Taking Care of Converts

The Islamic Center at New York University (ICNYU) has a program called Conver(t)sations, which is designed to facilitate communication between born Muslims and converts. The Imam of ICNYU is Khalid Latif and in this video he is moderating a panel of converts who have come together to share their stories.

Born Muslims love to hear conversion stories, but are not so interested in hearing how the convert is doing after he or she becomes a Muslim. Oh, they’re willing to give converts books and pamphlets, maybe even teach them how to pray and the basics of the faith, but my impression is that few born Muslims are aware of how hard it is to assimilate into the Muslim world if you were never part of that world before your conversion.

It is evident in this video that Imam Khalid Latif has a genuine burden for Muslim converts and their difficulties and I for one was glad and encouraged by his sensitivity and empathy. I strongly encourage born Muslims and converts alike to watch at least part of the video. (It’s two hours long, but can be watched in segments.) Imam Khalid Latif makes the excellent point that the Muslim community is too often divided by various factions and that it is imperative that we talk to and try to understand and accept one another if we are to show the world the kind of community Allah means for his followers to develop.

For a written version of the Imam’s message, “Taking Care of Converts,” check out this article which appeared in the Huffington Post on the 20th day of Ramadan.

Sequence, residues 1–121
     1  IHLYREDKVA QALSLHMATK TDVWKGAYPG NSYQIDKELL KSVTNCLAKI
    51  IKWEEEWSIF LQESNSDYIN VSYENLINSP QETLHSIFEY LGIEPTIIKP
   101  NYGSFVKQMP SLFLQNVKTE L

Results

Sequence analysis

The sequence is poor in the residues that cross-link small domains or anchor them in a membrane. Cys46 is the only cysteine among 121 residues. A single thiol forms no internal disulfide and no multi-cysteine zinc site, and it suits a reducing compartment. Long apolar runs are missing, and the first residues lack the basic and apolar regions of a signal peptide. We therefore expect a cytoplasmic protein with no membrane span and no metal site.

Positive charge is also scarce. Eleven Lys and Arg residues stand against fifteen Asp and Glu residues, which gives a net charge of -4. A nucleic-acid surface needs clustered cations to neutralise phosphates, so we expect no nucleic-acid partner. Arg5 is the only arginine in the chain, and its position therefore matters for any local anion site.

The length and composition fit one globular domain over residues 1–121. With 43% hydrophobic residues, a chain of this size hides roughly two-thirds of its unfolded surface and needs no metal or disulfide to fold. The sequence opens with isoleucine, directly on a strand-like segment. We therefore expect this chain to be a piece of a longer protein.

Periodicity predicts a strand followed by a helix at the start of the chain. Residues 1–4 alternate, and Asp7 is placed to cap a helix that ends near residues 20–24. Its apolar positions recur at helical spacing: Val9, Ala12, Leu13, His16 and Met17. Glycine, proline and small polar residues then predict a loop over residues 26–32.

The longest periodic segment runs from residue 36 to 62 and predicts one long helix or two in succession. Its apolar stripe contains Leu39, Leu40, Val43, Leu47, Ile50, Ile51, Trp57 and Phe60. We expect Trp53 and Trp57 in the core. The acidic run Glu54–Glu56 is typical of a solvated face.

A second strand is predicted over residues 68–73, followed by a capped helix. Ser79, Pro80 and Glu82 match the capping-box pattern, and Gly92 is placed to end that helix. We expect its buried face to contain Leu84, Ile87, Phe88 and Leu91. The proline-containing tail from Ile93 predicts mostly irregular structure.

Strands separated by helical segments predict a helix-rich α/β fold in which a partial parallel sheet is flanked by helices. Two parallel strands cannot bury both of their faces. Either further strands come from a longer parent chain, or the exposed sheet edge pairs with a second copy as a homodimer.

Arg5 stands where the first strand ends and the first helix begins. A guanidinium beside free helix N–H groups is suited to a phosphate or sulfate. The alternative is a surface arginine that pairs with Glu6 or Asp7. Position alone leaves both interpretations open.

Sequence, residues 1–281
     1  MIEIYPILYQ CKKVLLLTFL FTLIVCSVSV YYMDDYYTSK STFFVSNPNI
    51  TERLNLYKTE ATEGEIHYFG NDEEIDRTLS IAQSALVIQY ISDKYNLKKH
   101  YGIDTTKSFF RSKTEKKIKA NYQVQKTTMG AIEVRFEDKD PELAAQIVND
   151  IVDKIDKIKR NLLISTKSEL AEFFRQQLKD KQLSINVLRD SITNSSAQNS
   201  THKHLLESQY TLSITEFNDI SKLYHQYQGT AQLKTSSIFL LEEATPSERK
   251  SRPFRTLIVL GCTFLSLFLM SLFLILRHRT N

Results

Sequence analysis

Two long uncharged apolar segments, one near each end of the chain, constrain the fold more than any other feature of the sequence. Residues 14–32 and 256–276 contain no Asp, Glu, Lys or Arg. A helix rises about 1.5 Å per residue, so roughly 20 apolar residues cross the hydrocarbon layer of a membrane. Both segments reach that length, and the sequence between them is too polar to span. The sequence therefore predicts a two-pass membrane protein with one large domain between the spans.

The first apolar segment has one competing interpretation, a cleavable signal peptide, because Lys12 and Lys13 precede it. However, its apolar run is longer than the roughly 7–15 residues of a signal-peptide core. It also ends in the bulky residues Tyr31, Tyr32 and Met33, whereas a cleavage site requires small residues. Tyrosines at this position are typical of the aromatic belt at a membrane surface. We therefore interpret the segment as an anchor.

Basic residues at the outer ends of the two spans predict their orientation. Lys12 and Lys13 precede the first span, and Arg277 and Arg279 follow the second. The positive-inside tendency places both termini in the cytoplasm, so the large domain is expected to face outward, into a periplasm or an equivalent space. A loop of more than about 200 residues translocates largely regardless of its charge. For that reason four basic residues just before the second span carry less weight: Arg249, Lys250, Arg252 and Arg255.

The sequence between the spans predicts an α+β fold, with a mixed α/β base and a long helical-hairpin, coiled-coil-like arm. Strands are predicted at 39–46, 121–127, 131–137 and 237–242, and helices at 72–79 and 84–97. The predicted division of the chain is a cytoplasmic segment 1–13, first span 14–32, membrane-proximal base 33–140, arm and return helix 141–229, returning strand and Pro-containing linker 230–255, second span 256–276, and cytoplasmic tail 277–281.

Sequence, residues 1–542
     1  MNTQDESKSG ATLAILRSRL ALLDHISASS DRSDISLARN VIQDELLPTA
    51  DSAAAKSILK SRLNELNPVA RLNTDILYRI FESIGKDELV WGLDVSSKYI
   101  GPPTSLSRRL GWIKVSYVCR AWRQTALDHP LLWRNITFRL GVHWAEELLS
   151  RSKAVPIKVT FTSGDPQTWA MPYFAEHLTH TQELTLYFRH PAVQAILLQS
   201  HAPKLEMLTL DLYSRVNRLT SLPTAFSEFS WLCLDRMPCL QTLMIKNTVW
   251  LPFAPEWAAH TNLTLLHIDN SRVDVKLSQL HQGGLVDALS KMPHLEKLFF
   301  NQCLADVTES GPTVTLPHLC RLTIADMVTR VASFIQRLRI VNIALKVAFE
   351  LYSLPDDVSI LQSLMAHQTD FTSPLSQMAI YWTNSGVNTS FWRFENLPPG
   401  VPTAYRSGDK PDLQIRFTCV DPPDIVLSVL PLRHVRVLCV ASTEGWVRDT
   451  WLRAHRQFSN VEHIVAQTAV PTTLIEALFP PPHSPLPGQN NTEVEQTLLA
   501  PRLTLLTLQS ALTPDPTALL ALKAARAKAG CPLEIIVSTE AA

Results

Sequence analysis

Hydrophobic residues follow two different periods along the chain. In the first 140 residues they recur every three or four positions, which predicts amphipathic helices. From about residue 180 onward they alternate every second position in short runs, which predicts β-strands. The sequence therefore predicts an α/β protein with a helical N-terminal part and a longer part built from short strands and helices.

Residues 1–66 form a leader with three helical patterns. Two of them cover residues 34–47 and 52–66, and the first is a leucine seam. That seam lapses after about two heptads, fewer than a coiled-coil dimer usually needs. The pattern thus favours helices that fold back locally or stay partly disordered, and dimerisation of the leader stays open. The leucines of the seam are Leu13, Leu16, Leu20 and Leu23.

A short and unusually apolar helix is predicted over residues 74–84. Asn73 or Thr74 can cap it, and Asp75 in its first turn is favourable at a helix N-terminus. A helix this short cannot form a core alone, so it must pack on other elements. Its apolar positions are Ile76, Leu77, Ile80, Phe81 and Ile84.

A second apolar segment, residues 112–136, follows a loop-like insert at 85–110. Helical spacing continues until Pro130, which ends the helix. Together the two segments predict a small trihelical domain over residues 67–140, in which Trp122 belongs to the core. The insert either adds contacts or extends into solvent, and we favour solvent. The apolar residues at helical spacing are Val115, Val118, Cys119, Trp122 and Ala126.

About Khalid Latif:

In 2005 Imam Khalid Latif was appointed as the first Muslim chaplain at NYU where he began to initiate his vision for a pluralistic future for American Muslims rooted on campus and reaching out to the wider community. Imam Latif was also appointed as the first Muslim chaplain at Princeton University in 2006.

Spending a year commuting between these two excellent institutions he finally decided to commit full time to NYU’s Islamic Center when his position was officially institutionalized in the spring of 2007. Under his leadership the Islamic Center at NYU became the first ever fully established Muslim student center at an institution of higher learning in the U.S.

Imam Latif’s exceptional dedication and ability to cross interfaith and cultural lines on a daily basis brought him recognition throughout the city so much so that in 2007 Mayor Michael Bloomberg of New York nominated Imam Latif to become the youngest ever chaplain of the New York Police Department (NYPD). [Source.]

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